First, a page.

A risk assessment approach to meticillin-resistant Staphylococcus aureus (MRSA) in pet dogs.
PhD thesis, University of Glasgow.
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A risk assessment approach was used to: a) define the risk of acquisition of meticillin-resistant Staphylococcus aureus (MRSA) in pet dogs over a defined time period, b) attempt to identify important priority data gaps for future research efforts in this area and c) comment on the usefulness of risk assessment in this regard, in a data sparse area and in a field in which it has not previously been used.
A conceptual model was defined that identified the potential pathways for acquisition of MRSA in a pet dog over any given 24 hours. A qualitative risk assessment, using categorical qualitative estimators and combining estimates using a matrix approach was undertaken. It was found that this approach was unsatisfactory for the specification of this biological model that encompassed a non-modular, non-sequential form, characterised by non-mutually exclusive pathways of acquisition. Modification of the categorical descriptors enabled a relative, rather than absolute assessment of risk and resulted in the conclusion that both veterinary and non-veterinary routes were potentially important for the acquisition of MRSA in pet dogs and that family members and staff were likely to be the most important sources of the organism in the community and veterinary clinic environments respectively. Given the limitations encountered, a quantitative risk assessment was pursued.
Data gaps that were defined within the qualitative risk assessment were addressed through dedicated data-collection studies and an expert opinion elicitation exercise. The studies found a lower veterinary environmental and staff prevalence than had previously been reported, corroborated prior estimates of dog-dog and dog-human interactions and justified the inclusion of dog foods as environmental sources of MRSA rather than independent and important sources in their own right. The expert opinion elicitation exercise used a modified technique to obtain numerous estimates relating to prevalence and transmission of MRSA. However, it was found that experts lacked confidence in estimation of transmission variables in particular, and the resulting distributions for these variables demonstrated divergence between experts and resulted in wide and poorly-informative combined distributions.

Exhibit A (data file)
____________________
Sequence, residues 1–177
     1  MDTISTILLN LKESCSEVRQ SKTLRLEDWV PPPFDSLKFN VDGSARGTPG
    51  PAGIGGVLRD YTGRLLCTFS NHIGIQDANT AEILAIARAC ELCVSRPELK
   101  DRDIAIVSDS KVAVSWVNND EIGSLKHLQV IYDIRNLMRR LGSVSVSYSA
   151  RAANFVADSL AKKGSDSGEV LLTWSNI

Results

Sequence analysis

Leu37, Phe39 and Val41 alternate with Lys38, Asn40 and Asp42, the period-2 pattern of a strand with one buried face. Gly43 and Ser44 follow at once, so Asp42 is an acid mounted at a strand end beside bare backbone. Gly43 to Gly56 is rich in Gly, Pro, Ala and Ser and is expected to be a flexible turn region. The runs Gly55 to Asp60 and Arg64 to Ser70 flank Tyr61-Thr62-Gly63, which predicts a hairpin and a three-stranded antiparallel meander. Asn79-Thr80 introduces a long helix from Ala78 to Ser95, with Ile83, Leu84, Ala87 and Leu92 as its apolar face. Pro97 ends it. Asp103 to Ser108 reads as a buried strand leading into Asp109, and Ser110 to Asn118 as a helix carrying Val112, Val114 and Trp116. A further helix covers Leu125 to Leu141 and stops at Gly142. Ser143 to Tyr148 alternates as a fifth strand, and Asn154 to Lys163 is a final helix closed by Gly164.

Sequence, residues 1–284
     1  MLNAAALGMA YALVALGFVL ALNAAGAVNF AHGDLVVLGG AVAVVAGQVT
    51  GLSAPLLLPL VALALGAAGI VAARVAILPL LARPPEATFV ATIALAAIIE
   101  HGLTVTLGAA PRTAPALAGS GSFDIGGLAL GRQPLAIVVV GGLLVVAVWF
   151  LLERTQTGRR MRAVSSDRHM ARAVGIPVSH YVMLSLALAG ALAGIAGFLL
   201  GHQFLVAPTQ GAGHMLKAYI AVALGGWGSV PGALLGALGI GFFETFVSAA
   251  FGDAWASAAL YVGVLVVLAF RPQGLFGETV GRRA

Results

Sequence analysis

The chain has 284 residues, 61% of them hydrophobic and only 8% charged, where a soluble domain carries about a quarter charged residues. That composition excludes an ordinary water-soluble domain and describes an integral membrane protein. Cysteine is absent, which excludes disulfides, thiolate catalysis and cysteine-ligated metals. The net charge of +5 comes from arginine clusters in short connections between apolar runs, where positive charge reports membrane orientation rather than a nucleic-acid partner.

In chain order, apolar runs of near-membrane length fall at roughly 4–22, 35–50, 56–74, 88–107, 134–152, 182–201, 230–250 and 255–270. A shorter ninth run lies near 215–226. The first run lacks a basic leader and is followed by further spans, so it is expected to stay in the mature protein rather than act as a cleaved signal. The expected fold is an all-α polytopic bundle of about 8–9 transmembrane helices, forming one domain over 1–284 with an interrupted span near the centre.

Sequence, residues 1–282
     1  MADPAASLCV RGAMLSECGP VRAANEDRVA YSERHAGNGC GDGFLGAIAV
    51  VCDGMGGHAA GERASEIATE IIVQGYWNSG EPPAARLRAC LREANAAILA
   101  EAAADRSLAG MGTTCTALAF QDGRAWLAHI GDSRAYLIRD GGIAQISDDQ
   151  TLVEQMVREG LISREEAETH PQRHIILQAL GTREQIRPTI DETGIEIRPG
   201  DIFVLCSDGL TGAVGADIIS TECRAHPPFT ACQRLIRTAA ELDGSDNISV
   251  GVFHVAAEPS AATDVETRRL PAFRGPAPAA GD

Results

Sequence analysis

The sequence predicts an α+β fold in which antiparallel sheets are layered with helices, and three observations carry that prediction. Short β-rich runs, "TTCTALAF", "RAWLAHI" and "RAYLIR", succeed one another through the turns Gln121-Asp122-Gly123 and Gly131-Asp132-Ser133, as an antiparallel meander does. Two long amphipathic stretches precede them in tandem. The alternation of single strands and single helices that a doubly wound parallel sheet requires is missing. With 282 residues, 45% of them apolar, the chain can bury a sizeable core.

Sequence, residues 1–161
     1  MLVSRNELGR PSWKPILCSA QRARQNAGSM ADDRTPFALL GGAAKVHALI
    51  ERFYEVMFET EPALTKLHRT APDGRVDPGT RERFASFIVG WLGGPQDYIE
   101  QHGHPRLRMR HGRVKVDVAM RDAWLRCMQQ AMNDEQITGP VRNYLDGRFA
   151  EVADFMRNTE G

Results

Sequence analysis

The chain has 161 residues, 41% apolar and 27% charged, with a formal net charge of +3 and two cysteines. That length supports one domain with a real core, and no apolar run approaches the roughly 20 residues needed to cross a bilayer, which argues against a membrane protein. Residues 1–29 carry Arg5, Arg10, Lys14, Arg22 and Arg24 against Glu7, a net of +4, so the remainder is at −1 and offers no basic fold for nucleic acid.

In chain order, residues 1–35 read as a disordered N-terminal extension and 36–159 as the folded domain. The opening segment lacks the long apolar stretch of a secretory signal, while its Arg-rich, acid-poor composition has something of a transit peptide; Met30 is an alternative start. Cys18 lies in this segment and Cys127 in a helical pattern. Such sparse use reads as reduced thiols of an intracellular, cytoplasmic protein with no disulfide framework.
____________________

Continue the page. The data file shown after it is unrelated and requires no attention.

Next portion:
These results were utilised, along with published and unpublished data, to parameterise a second order stochastic simulation-based quantitative risk assessment model. The model produced a biologically plausible outcome and allowed the application of sensitivity analyses with the intention of identifying areas of putative importance for future research efforts. The implementation of logistic regression analyses directly to the input/output relationship within the simulation model represented a novel application of a variance-based sensitivity analysis technique in the area of veterinary medicine, and was implemented with and without the consideration of interaction terms. In addition, one-at-a-time (OAT) and Plackett-Burman (P-B) analyses were also completed. The results of the sensitivity analyses were complicated and ambiguous. While family members and the environment were identified as potentially important independent and non-independent sources of MRSA, respectively, it was not possible to discount, or defensibly rank the importance of other sources.
In conclusion, it was found that, despite the application of well researched and previously utilised methods, marked limitations were encountered in the use of risk assessment to address a biologically complex phenomenon that is characterised by sparse data such as this.
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